Montreal

As Quebec opens up, Canada's top science adviser questions province's lack of COVID-19 testing

Canada's chief science adviser says Quebec has failed to come up with a detailed plan for widespread testing as it prepares to reopen schools and businesses.

'I would have expected to see a plan, but I have never seen a plan,' Mona Nemer says

Canada's top science adviser, Mona Nemer, says the Quebec government hasn't submitted a plan for widespread coronavirus testing, and has been difficult to communicate with. (Adrian Wyld/The Canadian Press)

Canada's chief science adviser says Quebec has failed to come up with a detailed plan for widespread testing for COVID-19 as it prepares to reopen schools and businesses.

"I would have expected to see a plan, but I haven't seen one. And yet, I have asked for it several times," Mona Nemer told Radio-Canada.

Experts, including those at the World Health Organization, say increased testing is a must before any government lifts restrictions. And while Quebec has talked about doing so, Nemer said there appears to be a difference between what officials are saying in public and what is being done on the ground.

Quebec's public health director, Dr. Horacio Arruda, said last week the province's target is to conduct 14,000 coronavirus tests a day as deconfinement measures ramp up. So far, Arruda admitted Wednesday, the province is still at about 7,000 tests per day.

Nemer, who was appointed in 2017 by Prime Minister Justin Trudeau and whose mandate is to provide impartial scientific advice, didn't hold back in her criticism of the province.

"I can understand that we weren't ready, but we've been talking about it for two months now," Nemer said, noting there has been a lack of communication between the Quebec and federal governments. She was also critical of Ontario, which she said has also not conducted enough testing.

At Thursday's provincial briefing, Arruda rejected any notion that the province doesn't have a plan. He said the priority, before conducting random sampling of the population at large, will be hotspots in places like Montreal and Laval.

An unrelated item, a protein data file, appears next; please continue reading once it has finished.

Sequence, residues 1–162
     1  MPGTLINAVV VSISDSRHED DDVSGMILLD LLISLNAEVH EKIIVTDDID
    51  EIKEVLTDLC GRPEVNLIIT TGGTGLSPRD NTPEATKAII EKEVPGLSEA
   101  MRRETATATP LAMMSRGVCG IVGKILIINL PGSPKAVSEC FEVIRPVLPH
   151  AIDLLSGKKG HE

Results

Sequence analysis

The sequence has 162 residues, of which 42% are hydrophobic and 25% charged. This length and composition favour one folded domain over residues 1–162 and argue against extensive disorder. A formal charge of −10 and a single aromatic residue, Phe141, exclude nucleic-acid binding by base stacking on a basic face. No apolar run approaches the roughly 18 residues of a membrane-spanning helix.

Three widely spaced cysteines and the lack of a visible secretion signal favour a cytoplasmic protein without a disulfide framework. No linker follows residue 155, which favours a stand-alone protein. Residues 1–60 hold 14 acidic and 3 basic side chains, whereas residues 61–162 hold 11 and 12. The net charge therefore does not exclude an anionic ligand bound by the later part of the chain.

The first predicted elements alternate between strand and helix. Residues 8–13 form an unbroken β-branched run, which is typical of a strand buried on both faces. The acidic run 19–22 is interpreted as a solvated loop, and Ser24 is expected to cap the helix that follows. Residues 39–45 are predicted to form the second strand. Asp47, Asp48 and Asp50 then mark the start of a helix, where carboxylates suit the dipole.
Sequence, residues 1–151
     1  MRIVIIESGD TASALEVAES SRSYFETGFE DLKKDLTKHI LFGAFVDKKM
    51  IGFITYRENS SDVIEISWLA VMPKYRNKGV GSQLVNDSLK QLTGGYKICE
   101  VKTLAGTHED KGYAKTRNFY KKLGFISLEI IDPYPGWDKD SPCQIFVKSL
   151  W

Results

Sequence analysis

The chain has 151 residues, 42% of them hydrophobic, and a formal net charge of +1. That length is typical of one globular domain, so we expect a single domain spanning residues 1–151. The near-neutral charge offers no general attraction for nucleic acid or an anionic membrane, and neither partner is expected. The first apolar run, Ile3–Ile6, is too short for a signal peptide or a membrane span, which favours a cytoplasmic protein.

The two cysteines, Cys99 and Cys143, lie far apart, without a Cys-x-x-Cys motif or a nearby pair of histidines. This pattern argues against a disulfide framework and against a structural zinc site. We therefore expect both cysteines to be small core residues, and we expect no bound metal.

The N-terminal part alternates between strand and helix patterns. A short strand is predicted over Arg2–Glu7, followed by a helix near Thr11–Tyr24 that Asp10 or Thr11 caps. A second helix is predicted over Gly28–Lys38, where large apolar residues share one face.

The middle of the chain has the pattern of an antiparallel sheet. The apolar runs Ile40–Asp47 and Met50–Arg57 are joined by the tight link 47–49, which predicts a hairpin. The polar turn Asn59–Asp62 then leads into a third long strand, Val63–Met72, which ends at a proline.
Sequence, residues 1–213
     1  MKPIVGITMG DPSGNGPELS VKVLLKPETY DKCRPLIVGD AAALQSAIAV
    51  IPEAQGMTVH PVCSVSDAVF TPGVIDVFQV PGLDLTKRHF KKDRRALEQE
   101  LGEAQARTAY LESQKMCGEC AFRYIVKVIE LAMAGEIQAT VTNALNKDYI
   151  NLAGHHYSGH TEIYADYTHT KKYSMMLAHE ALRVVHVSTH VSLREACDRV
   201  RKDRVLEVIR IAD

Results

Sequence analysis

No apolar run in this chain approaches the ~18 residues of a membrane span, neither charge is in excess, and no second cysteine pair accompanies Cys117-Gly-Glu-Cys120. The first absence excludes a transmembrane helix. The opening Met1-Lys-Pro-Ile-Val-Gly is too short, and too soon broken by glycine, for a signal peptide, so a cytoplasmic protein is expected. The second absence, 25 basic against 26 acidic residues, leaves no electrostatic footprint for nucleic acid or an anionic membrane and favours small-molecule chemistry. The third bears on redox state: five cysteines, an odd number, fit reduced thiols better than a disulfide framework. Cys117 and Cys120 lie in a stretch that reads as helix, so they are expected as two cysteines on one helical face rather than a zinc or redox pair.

"We have a plan," he said. "We have discussion with experts. We are adapting from data what we have."

Schools preparing to open

Nemer isn't alone in doubting Quebec's plans, even as the province presses forward.

Scientists and educators have been questioning the province's eagerness to reopen as hospitals in Montreal, the country's pandemic epicentre, are filling up and the fact that widespread testing still isn't in place.

Montreal's public health director, Dr. Mylène Drouin, also cast doubt on the city's readiness earlier this week. She said the situation now appears to be getting worse in the city.

"We are not lowering the epidemic curve," Drouin said Monday. "We can see a plateau and even an increase in cases."

In the face of such evidence, Premier François Legault announced Thursday he would postpone the reopening of elementary schools, daycares and businesses in the Montreal area by one week, until May 25.

"Today, we're seeing that the conditions to keep our initial reopening calendar in Montreal are not met for the moment," Legault said.

Earlier this week, Legault also pushed back the reopening of retail stores in the city from May 11 to May 18 because of the situation in Montreal's hospitals, which are too crowded.

WATCH | Quebec promises more 'aggressive' testing as province reopens:

The director of public health says the province plans to conduct 14,000 tests daily, up from 6,000 now. 2:21

About the Author

Benjamin Shingler is a journalist with CBC Montreal. Follow him on Twitter @benshingler.

With files from Radio-Canada's Romain Schué

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